But he also acknowledged that the White Sox will have a front-row seat to the rest of Madrigal's career, which has been slowed by injuries but still is just 83 games old. There's a reason the White Sox spent the No. 4 pick in the draft on the guy, and he's been almost exactly as advertised in his time as a major leaguer, showing off that high contact ability and earning a fan-favorite reputation as "Nicky Two Strikes."
"We know we have to watch Nick Madrigal for the next five-plus years in a Cub uniform, very likely making an impact and doing damage at the big league level. That's not going to be easy," Hahn said. "When we sent Quintana there, ... we knew we ran the risk of my kids having to sit through another parade come October. That doesn't sit too well.
"When you do those deals, perhaps the cost is a little bit higher than when you're dealing with someone a little bit more out of sight, out of mind, and isn't necessarily going to come back and haunt your family and your fan base quite as easily."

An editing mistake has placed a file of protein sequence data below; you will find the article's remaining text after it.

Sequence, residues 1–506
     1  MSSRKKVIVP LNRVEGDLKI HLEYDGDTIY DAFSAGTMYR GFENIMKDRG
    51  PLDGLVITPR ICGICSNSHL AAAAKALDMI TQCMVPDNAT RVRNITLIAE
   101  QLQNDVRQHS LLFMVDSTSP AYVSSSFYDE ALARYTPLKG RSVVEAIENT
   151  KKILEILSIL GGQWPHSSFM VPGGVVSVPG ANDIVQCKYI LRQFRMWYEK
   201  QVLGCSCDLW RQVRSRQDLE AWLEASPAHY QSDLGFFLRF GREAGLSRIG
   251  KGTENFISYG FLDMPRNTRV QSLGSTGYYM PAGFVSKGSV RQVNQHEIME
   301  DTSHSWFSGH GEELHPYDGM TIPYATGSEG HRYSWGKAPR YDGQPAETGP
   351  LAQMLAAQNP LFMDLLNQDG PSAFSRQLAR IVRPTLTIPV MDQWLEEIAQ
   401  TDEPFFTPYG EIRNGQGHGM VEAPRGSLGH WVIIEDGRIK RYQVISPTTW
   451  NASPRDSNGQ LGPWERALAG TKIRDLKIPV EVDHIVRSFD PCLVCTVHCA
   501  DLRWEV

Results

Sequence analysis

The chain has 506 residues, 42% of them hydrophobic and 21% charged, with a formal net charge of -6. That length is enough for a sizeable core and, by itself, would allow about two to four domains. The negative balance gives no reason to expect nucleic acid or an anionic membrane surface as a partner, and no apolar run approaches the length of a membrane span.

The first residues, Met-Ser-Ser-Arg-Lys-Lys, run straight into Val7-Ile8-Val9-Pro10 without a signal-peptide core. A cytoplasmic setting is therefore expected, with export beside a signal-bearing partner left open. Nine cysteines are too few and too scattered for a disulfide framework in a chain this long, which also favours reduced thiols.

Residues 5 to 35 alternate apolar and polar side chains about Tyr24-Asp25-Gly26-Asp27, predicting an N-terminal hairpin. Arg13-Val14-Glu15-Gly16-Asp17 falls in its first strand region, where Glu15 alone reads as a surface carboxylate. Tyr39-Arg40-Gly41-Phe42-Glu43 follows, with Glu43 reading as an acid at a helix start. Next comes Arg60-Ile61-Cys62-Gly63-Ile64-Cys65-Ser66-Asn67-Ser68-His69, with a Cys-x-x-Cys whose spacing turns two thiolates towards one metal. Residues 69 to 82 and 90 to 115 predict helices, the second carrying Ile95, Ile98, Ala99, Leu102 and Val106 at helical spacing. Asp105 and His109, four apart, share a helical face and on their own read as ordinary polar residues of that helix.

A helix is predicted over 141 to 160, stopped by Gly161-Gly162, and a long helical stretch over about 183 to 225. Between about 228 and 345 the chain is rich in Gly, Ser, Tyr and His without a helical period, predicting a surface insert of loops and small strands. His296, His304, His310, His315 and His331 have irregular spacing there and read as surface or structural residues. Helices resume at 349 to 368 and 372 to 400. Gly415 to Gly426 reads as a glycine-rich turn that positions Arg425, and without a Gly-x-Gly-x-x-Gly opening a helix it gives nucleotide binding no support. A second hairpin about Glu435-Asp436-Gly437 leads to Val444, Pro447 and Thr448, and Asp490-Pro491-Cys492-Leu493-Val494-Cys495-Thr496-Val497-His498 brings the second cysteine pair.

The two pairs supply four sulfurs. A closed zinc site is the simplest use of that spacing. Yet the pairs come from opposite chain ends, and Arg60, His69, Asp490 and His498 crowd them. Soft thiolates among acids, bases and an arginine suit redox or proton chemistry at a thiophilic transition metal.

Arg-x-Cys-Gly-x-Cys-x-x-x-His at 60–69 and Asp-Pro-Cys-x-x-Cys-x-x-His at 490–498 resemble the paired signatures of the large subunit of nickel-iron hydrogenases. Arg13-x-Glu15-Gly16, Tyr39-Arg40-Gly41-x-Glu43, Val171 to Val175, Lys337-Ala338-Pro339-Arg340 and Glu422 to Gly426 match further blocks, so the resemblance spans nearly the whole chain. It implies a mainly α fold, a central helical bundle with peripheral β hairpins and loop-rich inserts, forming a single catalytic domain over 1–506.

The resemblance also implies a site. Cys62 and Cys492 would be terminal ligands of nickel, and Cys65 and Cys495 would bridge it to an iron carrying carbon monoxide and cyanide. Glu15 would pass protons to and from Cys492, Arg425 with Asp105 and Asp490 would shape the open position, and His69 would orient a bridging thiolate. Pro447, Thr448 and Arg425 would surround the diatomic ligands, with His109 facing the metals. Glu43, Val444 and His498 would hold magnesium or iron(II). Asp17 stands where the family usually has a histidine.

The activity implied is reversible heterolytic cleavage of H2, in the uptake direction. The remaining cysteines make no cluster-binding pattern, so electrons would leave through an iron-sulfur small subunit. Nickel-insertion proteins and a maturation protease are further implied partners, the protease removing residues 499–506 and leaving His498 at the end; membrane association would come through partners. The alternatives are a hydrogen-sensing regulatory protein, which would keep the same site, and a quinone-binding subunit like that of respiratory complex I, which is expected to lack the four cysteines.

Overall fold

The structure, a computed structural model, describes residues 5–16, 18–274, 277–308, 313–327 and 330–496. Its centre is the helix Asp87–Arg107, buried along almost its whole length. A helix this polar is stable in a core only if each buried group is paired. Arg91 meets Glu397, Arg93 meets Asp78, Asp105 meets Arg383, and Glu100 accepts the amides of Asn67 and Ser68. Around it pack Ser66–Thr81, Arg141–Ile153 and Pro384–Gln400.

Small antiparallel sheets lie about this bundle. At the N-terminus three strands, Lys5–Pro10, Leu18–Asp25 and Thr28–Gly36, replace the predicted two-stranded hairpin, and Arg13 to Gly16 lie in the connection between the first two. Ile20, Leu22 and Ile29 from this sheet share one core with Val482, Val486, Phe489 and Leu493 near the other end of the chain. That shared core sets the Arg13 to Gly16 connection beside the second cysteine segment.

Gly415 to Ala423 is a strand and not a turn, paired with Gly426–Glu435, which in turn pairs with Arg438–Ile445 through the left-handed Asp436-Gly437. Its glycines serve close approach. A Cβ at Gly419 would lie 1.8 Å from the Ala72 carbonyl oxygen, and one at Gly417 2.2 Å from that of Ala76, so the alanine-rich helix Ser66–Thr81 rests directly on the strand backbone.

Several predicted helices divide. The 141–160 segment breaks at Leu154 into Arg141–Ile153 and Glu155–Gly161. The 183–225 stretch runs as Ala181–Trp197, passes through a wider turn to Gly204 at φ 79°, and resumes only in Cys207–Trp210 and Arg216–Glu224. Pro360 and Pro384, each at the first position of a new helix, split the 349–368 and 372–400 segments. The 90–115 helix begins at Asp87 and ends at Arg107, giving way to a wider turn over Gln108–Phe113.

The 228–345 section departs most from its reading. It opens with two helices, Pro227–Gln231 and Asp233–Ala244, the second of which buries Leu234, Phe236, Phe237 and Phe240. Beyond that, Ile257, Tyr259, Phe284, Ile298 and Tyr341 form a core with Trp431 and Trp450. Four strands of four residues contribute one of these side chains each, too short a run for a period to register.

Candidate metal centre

While that might be tough for the White Sox to swallow as observers, the idea is that it's worth it, that the shine off a World Series trophy would help ease any future pain.
As recently as the beginning of this month, Hahn seemed to have an impossible task in front of him. Injuries ravaged the White Sox lineup, with the team increasingly reliant on bench players and fill-ins to keep preseason World Series aspirations alive. There were seemingly myriad areas he could address with deadline deals.
Instead, the White Sox got some really positive news on their injured stars. Jiménez has since returned from his ruptured pectoral tendon. Robert is on a rehab assignment, not far from his return from a torn hip flexor. And Yasmani Grandal is progressing at a rapid rate from surgery to repair a torn tendon in his knee. The collective reinsertion of that trio into the middle of the batting order — even after knowing that Kimbrel was the deadline splash the White Sox made — will make a bigger difference than any trade haul that could have been acquired.